From Sept. 1 through Sept. 10, Dreamers fought for their human rights against President Donald Trump’s administration’s white nationalist policy of rescinding President Obama’s DACA Program
A participant reports on a series of protests, rallies and marches of thousands taking place in September in Los Angeles against President Donald Trump’s attacks on youthful immigrants called Dreamers by ending the Deferred Action for Childhood Arrival Program.
Hundreds demonstrated Aug. 31 outside Chicago offices of Immigration and Customs Enforcement, supporting Genoveva Ramirez and all others being threatened with deportation.
In Chicago, thousands march for a living wage, while in Los Angeles, protesters of all races marched downtown on the anniversary of Martin Luther King’s 1968 assassination. They included low-wage workers campaigning to raise the minimum wage to $15 an hour, uniting with the movement against police killing of unarmed Black and Brown youth.
About 500 people, mostly Black and Latino youth, gathered in Los Angeles. Anti-police brutality and anti-ever growing surveillance society has radicalized youth as well as concerned people from all walks of life.
Review of “Strike for America: Chicago Teachers Against Austerity” by Micah Uetricht and “How to Jump-Start Your Union: Lessons from the Chicago Teachers” from Labor Notes.
Contract bargaining has begun between the California Nurses Association and Kaiser Permanente. CNA has steadfastly rejected management’s demand to hold negotiations in closed sessions.
From the July-August 2014 issue of News & Letters
Chicago—On May 26, a group of 14 people from Chicago ADAPT went to Springfield, Ill., to push for the passage of House Bill #349 whose purpose is to make the 5% temporary personal income tax in Illinois permanent. Without that happening, we face huge cuts in [=>]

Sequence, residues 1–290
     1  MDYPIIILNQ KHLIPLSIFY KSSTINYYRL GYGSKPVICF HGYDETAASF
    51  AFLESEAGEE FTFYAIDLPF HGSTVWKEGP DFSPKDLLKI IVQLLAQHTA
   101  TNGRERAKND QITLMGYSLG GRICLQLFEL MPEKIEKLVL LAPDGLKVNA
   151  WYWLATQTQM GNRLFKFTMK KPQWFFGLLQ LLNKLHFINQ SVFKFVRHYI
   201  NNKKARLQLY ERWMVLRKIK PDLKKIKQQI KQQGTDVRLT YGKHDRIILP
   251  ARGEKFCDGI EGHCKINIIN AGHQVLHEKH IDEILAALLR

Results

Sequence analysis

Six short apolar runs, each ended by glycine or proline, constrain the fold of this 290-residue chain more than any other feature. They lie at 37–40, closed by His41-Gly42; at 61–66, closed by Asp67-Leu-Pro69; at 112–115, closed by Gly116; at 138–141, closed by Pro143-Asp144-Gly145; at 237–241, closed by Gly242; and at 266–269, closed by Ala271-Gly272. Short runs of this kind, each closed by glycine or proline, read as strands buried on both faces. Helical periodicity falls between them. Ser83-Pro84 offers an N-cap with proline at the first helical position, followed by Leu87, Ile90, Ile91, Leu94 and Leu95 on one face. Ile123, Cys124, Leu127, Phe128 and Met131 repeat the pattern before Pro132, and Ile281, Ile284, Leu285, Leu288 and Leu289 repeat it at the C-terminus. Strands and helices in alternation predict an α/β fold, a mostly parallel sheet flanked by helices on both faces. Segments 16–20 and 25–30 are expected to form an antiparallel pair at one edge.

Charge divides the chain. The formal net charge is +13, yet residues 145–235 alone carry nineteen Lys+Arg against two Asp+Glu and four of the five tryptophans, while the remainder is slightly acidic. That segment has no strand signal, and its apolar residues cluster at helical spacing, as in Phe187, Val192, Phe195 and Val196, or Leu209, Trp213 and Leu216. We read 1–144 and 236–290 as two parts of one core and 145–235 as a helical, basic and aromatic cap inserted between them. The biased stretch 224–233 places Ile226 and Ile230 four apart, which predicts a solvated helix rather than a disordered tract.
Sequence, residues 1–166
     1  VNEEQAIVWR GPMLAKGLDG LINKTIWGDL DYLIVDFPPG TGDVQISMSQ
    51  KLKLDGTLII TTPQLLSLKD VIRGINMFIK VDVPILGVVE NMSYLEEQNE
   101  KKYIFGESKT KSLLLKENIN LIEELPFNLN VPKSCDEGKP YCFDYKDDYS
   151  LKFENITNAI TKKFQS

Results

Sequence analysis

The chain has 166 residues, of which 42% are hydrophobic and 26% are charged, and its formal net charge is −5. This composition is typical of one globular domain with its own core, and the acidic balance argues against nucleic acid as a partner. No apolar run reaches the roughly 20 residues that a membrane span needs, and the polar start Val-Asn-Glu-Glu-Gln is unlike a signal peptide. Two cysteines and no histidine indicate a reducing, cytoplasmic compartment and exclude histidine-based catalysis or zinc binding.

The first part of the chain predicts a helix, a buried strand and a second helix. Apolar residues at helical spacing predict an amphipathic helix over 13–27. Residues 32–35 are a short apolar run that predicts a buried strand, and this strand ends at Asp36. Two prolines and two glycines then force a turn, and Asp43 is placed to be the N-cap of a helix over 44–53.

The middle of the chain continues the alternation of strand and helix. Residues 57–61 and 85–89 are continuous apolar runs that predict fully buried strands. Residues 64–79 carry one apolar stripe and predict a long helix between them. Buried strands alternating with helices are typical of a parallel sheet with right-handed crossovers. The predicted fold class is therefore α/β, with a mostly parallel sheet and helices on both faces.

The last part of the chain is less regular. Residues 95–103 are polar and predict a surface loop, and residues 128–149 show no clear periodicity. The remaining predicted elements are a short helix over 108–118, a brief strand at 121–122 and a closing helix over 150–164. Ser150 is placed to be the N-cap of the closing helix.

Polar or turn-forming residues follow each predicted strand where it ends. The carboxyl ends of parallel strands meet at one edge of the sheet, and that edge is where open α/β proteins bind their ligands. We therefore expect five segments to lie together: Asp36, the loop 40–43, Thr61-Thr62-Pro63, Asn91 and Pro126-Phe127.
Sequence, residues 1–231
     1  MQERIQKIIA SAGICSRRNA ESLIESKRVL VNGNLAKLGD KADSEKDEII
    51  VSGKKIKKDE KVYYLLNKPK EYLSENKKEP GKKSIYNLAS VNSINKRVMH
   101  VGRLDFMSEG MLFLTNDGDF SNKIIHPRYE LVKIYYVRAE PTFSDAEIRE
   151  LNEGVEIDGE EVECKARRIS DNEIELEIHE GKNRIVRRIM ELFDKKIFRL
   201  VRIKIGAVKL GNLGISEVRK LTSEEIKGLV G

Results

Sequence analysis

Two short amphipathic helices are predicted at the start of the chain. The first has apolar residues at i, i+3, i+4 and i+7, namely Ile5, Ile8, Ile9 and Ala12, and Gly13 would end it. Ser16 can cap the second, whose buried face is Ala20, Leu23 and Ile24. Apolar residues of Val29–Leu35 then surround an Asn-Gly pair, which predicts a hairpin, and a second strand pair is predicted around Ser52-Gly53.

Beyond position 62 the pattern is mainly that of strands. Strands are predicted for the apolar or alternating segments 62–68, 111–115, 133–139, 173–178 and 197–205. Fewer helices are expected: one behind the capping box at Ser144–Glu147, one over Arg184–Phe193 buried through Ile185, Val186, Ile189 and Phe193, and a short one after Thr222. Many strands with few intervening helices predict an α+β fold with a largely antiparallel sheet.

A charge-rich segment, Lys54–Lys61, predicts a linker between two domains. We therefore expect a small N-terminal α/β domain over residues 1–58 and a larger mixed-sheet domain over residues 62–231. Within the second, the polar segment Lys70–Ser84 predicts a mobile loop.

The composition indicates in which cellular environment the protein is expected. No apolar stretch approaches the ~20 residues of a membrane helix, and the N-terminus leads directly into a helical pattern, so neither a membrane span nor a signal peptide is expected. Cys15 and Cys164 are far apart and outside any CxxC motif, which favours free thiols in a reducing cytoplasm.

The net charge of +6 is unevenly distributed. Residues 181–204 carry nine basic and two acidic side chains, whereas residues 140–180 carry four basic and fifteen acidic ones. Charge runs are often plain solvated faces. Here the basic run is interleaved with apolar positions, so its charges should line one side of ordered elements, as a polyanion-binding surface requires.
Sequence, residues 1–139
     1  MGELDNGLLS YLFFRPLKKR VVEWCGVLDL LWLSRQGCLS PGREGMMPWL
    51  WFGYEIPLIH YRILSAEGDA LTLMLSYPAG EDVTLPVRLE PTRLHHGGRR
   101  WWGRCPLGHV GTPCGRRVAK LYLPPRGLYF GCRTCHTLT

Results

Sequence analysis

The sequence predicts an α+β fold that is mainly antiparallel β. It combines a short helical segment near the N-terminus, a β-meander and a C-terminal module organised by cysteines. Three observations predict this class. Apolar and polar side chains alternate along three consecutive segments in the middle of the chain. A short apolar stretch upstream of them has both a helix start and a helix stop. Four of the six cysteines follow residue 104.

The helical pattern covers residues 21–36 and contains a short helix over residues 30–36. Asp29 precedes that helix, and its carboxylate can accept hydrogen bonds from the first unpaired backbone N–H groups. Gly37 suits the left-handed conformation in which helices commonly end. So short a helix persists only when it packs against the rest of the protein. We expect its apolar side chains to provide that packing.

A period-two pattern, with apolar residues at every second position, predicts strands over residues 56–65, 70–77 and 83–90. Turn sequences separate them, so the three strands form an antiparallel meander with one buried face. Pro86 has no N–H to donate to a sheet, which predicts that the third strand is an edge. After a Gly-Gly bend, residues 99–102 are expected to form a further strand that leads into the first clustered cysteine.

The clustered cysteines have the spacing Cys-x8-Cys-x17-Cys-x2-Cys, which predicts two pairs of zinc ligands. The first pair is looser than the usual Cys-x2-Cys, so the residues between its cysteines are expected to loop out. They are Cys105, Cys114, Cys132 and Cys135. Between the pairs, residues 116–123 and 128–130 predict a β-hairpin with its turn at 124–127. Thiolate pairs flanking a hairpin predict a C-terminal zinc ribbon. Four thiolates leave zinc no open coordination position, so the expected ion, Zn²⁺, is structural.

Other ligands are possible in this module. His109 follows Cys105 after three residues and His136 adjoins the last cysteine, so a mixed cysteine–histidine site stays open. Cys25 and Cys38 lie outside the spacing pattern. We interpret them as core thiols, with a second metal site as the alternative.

Healthcare reform took cost-control ideology to a whole new level. The Affordable Care Act (ACA) has been transformed into its opposite by the HMO industry which sacrifices the lives of patients and workers alike for the sake of fiduciary health.
The recent wave of strikes at Walmart and fast food restaurants signals the discontent brewing among the growing number of low-wage U.S. workers. They give notice that the far-reaching restructuring of jobs that was accelerated by the Great Recession also has a subjective side of revolt.
A week of strikes and demonstrations at Walmarts across the country peaked with events in 20 cities on June 4 alone. Chants of “Respect! Now!” joined the official demands of “$25,000 per year and enough hours to support our families” and an end to retaliation against workers who strike or speak up.
People shared stories about their experiences with Medicaid, the minimum wage, disability rights, and talked about the importance of seeing the human side of issues. The only things the legislators would say was that “revenues were the problem.”
Several hundred rallied in support of Bay Area Rapid Transit (BART) workers trying to negotiate a contract with a modest raise and no more takeaways.
by Htun Lin
As Congress’s latest self-imposed sequestration crisis makes clear, not all cuts are the same. A campaign slogan of California Nurses’ Association (CNA) goes: “Some Cuts Don’t Heal.”
The looming full launch date of Obamacare in 2014 has the HMO industry imposing cuts, patient care be damned, in a race to the bottom to [=>]
by Htun Lin
The unparalleled billions of dollars spent in the 2012 elections, in the midst of the Great Recession, drowned us in endless ads. Yet Mitt Romney was defeated in no small measure by workers in Ohio and elsewhere. Workers saw through the glaring contradictions in the claims of the Romney campaign that as [=>]
by Htun Lin
The “Great Recession” we’re living in will continue so long as we accept that there is no alternative to capitalism. It is a lie perpetuated by the dominant ideology.
In the past year, the Occupy Movement has given many of us hope that things can change. One idea in the movement is that [=>]
by Htun Lin
The spreading Occupy Wall Street (OWS) movement has gripped the attention of the country. Some signs in these tent cities say “Occupy Everything!” The police continue to look for leaders while city leaders try to figure out a way to remove the tent cities.
The California Nurses Association (CNA) declared its support for [=>]